Tuesday, September 4, 2012

The Value of Structural Engineering to Sustainable Construction


Numerous rating schemes have been proposed to incentivize green design, but how well do these codes relate to the building structures. The Institution of Structural Engineers set out to identify which green codes, if any, successfully addressed structures. Their report, titled The Value of Structural Engineering to Sustainable Construction, takes a methodical look at provisions in eight main categories common to most of the rating systems:
  1. Reuse
  2. Reduction of Portland cement
  3. Recycled content
  4. Responsible sourcing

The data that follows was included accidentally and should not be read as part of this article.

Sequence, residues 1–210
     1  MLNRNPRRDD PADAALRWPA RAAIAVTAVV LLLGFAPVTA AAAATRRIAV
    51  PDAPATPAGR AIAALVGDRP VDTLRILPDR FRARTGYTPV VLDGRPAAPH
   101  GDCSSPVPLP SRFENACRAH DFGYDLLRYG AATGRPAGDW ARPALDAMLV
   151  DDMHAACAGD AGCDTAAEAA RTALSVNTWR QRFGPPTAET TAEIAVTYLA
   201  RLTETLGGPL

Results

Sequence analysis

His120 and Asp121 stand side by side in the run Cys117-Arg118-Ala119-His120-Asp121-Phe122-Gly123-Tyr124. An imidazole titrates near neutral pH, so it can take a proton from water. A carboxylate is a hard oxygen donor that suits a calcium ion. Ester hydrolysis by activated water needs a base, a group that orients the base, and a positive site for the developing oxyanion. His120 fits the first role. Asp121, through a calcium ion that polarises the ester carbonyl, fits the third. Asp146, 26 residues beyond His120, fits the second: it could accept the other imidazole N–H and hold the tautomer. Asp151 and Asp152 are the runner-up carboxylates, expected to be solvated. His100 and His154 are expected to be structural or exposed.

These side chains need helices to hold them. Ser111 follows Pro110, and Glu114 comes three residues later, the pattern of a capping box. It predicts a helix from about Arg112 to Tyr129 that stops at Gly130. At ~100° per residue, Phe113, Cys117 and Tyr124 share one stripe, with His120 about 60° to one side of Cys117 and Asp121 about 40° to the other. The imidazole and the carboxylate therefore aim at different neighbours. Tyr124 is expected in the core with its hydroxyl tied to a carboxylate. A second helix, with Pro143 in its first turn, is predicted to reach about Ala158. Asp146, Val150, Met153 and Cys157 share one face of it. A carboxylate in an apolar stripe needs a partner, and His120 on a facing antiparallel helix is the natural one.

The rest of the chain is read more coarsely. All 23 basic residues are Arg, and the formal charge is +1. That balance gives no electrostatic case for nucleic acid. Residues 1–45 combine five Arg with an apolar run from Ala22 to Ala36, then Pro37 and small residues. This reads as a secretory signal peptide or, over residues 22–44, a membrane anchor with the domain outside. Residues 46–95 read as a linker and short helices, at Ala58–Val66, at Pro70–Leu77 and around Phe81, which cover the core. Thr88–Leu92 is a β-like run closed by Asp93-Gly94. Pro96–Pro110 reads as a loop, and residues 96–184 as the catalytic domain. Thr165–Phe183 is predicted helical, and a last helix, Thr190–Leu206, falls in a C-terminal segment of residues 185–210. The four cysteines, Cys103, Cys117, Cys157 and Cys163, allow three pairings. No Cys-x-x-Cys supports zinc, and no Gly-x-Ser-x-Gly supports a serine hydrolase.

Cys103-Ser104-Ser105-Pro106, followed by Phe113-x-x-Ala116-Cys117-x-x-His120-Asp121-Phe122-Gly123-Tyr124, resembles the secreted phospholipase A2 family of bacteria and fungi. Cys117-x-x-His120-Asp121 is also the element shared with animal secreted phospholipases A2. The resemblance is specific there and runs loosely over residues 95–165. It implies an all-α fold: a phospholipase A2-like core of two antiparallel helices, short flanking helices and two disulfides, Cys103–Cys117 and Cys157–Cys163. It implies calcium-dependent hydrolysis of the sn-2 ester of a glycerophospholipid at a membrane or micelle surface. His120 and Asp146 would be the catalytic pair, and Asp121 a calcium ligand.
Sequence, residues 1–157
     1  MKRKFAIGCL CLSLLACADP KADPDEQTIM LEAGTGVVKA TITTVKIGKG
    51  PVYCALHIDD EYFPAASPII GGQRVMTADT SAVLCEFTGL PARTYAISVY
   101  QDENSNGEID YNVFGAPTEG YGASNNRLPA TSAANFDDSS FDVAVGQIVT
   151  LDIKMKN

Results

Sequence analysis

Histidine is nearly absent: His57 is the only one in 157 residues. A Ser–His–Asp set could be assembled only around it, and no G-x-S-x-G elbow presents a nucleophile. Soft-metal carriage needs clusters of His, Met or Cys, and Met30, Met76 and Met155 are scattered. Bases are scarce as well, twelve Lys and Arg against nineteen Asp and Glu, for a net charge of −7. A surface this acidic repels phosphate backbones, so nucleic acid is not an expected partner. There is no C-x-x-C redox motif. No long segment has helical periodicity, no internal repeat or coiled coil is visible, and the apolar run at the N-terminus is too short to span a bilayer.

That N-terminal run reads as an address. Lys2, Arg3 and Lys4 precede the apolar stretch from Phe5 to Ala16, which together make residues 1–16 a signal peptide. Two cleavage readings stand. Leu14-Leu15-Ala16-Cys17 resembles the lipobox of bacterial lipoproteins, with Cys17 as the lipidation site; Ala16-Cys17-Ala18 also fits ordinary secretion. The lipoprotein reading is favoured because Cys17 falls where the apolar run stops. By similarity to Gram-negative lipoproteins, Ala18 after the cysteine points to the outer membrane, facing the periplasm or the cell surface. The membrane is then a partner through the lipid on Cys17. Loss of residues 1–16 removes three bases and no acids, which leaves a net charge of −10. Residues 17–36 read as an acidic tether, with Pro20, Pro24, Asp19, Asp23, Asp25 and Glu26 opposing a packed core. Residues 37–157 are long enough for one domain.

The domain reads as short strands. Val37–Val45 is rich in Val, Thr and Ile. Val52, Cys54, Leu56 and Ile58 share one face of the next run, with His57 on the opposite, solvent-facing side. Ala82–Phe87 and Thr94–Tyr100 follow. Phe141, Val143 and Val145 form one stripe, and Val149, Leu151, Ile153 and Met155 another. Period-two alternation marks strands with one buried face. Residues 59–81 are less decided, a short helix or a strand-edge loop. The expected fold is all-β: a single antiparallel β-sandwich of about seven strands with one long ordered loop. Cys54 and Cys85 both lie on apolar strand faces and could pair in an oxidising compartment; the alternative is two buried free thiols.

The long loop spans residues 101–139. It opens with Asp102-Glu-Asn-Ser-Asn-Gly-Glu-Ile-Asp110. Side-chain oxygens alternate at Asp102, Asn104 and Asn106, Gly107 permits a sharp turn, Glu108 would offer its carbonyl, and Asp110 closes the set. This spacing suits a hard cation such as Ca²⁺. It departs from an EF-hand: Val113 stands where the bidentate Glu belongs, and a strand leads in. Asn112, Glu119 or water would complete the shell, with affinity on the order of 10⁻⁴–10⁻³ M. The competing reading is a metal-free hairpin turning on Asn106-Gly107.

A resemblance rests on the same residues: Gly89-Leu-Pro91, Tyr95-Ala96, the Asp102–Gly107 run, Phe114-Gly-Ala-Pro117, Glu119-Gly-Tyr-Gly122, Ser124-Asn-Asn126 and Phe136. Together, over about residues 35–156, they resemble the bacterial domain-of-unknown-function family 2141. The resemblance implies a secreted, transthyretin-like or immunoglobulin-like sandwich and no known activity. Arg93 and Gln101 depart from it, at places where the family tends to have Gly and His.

5. Local sourcing
  6. Life cycle assessment
  7. Efficiency & future proofing
  8. Health implications
The conclusions are generally predictable, but the report does a nice job of recommending changes to improve the codes. Highest on the list are needed changes to those credits witch promote a perversion of the sustainable intent, like achieving full recycled content credit by using structural steel (over 90% post-industrial recycled content by nature) or using more interior finish for it's recycled content when a polished concrete wall would be perfectly fine. The best features of the report are the meticulously researched figures and user surveys. Anyone preparing a talk on sustainable structures should read this report for statistical backup to their conclusions.

Download the report at:

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